The modern xylophone is usually a four octave mallet percussion instrument with wooden bars of the same width. It produces short, pitched sounds when struck with mallets that are at least moderately hard. Marimbas can reach lower registers than can a xylophone, and produce a smoother, more resonant sound. Other percussion instruments similar to a xylophone are the bells, chimes, and vibraphone.

An ancient instrument originating in Russia, which consisted of a series of tuned pieces of wood. The xylophone gets it name from the word elements xylo- and -phon. Xylo- refers to wood, as in xylem or xylograph, while -phon means voice or sound.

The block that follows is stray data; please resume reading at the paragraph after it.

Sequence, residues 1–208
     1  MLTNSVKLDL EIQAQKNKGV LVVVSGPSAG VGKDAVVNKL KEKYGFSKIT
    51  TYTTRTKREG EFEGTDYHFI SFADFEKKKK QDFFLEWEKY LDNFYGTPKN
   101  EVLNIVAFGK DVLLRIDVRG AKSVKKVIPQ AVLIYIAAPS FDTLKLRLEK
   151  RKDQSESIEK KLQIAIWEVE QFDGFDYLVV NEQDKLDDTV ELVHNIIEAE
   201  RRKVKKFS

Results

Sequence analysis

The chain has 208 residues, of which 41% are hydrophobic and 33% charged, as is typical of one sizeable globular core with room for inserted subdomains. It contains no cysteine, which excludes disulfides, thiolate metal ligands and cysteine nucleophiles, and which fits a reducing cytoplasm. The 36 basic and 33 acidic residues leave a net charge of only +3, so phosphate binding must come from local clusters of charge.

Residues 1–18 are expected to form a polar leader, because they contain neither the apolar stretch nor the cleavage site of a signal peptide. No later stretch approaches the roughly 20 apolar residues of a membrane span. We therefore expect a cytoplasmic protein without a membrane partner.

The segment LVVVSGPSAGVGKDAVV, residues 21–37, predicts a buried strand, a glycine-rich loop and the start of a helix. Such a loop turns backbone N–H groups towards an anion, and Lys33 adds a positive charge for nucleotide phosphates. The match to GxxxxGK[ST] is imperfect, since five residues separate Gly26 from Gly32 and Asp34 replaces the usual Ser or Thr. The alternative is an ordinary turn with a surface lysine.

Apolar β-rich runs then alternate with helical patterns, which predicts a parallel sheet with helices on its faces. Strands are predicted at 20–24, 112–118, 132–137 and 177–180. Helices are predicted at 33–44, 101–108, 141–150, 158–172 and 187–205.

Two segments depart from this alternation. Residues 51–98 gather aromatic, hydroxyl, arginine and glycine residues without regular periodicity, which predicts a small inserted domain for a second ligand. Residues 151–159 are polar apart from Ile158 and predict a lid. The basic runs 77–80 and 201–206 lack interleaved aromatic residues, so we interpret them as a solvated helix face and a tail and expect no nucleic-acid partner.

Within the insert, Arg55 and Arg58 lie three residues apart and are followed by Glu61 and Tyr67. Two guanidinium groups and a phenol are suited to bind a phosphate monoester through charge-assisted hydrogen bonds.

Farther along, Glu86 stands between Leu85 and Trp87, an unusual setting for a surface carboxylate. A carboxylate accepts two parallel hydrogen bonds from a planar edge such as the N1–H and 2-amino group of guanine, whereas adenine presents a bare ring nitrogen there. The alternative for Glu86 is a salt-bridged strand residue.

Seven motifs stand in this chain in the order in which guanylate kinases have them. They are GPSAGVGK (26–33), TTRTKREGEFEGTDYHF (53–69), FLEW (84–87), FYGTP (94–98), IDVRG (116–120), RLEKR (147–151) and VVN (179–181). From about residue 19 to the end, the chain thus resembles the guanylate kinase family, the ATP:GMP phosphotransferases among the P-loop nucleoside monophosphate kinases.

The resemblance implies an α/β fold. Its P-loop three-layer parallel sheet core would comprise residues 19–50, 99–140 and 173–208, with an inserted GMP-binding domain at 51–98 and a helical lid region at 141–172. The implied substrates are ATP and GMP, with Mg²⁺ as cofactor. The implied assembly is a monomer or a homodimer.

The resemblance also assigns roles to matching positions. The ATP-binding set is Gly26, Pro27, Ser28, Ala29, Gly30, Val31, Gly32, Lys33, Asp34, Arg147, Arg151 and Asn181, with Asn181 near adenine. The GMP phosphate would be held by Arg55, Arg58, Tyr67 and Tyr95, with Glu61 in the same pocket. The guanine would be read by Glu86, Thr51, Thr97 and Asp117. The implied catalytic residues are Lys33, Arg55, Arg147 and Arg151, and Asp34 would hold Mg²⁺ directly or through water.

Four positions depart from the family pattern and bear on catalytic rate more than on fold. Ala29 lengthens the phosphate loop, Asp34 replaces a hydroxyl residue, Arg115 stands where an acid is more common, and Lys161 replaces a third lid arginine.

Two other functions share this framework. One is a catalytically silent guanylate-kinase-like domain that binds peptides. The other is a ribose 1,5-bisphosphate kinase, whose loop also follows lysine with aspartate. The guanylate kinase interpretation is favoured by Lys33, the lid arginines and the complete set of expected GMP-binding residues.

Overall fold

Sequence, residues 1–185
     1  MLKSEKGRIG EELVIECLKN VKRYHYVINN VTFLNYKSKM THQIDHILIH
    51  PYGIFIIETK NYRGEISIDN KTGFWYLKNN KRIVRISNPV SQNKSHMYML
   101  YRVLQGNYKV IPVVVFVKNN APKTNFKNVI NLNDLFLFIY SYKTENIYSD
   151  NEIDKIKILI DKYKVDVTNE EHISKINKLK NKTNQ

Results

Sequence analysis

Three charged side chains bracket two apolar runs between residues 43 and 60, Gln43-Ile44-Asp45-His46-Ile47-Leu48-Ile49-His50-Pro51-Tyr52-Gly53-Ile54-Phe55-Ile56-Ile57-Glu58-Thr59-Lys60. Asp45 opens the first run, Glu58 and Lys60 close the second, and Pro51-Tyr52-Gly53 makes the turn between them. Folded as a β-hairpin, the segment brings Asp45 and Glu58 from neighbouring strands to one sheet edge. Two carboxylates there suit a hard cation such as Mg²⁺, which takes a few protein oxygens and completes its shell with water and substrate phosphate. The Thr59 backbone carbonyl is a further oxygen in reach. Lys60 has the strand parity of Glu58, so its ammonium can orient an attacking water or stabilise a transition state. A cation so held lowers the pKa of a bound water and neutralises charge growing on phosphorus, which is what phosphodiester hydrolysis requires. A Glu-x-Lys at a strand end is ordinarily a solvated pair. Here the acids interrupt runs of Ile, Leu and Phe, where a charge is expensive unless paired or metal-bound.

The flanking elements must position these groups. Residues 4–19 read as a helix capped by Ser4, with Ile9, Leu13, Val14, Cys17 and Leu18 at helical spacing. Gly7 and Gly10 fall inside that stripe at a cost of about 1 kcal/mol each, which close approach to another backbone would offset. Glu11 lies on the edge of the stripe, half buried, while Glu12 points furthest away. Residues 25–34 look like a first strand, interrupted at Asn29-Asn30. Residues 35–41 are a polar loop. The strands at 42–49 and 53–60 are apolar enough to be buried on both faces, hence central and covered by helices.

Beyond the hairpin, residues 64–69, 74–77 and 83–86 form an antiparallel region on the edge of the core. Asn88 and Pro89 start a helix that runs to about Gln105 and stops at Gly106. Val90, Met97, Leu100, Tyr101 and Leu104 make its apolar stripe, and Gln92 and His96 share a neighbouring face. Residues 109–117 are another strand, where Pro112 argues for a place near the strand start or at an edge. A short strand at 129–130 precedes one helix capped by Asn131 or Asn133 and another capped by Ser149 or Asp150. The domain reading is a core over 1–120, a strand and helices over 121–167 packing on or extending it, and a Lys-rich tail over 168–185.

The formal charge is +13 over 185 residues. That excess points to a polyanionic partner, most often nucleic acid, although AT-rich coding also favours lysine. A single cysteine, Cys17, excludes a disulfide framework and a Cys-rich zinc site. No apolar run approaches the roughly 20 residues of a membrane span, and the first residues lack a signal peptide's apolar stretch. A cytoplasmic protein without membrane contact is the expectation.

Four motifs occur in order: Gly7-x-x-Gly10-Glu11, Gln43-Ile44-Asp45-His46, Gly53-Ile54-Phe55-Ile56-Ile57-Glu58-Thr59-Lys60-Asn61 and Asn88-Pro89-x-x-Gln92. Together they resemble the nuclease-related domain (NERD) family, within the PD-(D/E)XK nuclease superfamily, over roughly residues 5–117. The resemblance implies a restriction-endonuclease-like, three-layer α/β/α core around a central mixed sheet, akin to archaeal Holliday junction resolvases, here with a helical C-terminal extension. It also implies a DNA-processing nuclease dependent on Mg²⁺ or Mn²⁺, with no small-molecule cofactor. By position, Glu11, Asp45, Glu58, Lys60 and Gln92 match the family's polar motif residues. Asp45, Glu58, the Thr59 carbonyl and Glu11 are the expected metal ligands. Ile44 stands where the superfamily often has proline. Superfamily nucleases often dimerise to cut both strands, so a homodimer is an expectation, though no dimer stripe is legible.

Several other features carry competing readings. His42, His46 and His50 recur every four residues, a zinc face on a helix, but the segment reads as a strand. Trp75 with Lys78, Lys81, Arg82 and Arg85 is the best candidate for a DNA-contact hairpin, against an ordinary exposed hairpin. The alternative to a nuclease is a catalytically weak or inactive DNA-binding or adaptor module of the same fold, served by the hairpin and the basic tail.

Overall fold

Xy"lo*phone (?), n. [Xylo- + Gr. fwnh` sound.]

1. Mus.

An instrument common among the Russians, Poles, and Tartars, consisting of a series of strips of wood or glass graduated in length to the musical scale, resting on belts of straw, and struck with two small hammers. Called in Germany strohfiedel, or straw fiddle.


An instrument to determine the vibrative properties of different kinds of wood.



© Webster 1913.

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